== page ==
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**For more suggestions on day trips, check out “And Beyond” section below. I’ve seen all the sights. Can you suggest something else to do? How about doing as the Romans do and indulging in some of the Italian “la dolce far niente” – the sweetness of doing nothing. Slow down. Hang out at a café and people-watch and catch up on conversation. In the evening (especially in the summer), go to any one of the roof-top terrace bars located at the higher end hotels and drink in the golden light and see the birdseye view of Rome. You pay a bit more for the drink, but just think of all the money you’re saving by staying at The Beehive! Some good choices are: Hotel St. George on Via Giulia. Hotel Raphael near Piazza Navona, Hotel Minerva near the Pantheon, Hotel Eden near Via Veneto, Hassler Hotel at the top of the Spanish Steps or Radisson SAS Hotel near Piazza Vittorio (and The Beehive Shared Apartments). Take a boat trip up the Tiber River. Cost for the Hop On/Hop Off tour is €15 and you get to cover a lot of ground without burning the soles of your shoes. The boats run between 10:00am and 6:30pm/18:30. Boarding points are at Castel Sant’ Angelo Bridge, Tiberina Island and Cavour Bridge. If you’re feeling particularly daring, rent a scooter and experience Rome as the locals. Try to rent on a Sunday when the traffic is lighter and you might actually be able to enjoy yourself rather than feeling like you’ve just made a death wish. There is a scooter rental point on the corner of Via Varese and Via Milazzo near The Beehive or “Bici e Baci” at via Cavour, 80 near Basilica Santa Maria Maggiore. **For more suggestions, check out “The Roman’s Rome” section below or check out “Day Trips from Rome”. BEEHIVE QUESTIONS Can I store my bags at The Beehive? We have very severe space restrictions, but we do offer a limited secure left luggage space for same day departure only. However, once the space fills up we can only keep your luggage in our hallway, but we have never experienced any probems with this arrangement. You are always welcome to leave small electronics or laptops with us at reception as well as passports, tickets, credit cards, etc. Bags cannot be left in our reception/lobby area due to fire code regulations. We do not have long term luggage storage available. You might also consider the left luggage storage available at the train station near Platform 24 one level down, and there is an elevator. Cost is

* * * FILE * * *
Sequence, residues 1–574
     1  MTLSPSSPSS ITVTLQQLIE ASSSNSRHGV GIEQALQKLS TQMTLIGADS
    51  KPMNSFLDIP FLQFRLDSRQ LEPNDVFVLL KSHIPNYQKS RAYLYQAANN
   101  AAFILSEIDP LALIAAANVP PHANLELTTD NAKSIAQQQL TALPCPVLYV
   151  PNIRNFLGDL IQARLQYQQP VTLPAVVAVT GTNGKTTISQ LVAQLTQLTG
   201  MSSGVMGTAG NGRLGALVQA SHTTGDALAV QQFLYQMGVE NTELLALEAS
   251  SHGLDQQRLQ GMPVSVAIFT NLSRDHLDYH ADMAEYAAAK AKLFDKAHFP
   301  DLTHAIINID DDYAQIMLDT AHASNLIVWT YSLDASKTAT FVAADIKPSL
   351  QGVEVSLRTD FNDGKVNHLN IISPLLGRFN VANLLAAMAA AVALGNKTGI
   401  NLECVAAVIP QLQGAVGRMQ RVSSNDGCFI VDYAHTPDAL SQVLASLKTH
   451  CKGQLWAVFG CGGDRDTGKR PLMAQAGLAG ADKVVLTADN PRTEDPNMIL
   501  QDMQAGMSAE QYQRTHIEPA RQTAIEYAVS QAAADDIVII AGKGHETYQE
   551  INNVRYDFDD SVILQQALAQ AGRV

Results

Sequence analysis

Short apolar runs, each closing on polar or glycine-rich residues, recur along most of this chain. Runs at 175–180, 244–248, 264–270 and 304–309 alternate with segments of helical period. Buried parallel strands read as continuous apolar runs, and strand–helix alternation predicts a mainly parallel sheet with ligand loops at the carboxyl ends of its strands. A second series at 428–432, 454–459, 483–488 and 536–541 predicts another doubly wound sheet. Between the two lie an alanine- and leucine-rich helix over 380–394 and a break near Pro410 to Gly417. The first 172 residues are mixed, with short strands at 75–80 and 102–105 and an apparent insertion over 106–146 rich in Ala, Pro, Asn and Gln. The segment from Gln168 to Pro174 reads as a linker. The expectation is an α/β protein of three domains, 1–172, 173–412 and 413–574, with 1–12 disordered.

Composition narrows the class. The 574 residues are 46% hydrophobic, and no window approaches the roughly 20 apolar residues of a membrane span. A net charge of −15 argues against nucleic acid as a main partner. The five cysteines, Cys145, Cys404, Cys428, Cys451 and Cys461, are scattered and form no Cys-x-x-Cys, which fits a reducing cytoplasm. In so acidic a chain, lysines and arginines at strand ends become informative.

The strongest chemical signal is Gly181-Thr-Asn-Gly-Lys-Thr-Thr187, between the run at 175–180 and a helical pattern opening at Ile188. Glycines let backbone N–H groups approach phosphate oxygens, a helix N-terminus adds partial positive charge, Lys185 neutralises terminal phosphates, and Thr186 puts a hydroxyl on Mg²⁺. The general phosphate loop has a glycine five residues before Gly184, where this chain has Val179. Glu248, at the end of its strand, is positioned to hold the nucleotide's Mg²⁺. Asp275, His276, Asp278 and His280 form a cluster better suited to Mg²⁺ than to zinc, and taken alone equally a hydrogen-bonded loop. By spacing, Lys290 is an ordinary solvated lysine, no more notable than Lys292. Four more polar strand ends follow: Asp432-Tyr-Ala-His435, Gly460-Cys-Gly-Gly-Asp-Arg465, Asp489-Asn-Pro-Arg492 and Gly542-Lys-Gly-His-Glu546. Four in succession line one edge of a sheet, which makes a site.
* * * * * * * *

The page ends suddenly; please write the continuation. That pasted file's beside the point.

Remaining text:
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€3.80 for the first 5 hours. Please note that they are only open from 5am to midnight. Please note that there are often long lines so give yourself extra time when dropping off/picking up your bags. How did you two end up moving to Rome and opening The Beehive? How did you come up with the name “The Beehive”? We’re more than happy to give you the abbreviated version, but for a more detailed account, ask Linda. As for the name, we thought of many very, very awful and laughable names before coming up with “The Beehive” (you’ll have to pay us a lot of euro or pour us a lot of wine before we tell you what those other names were!) Linda thought of it while lying in bed one night dreaming about this big adventure we were about to embark on. We wanted a name that would evoke the impression of a place that was stylish and cute, but also cozy and comfortable, clean and sunny. We hope you agree that it works!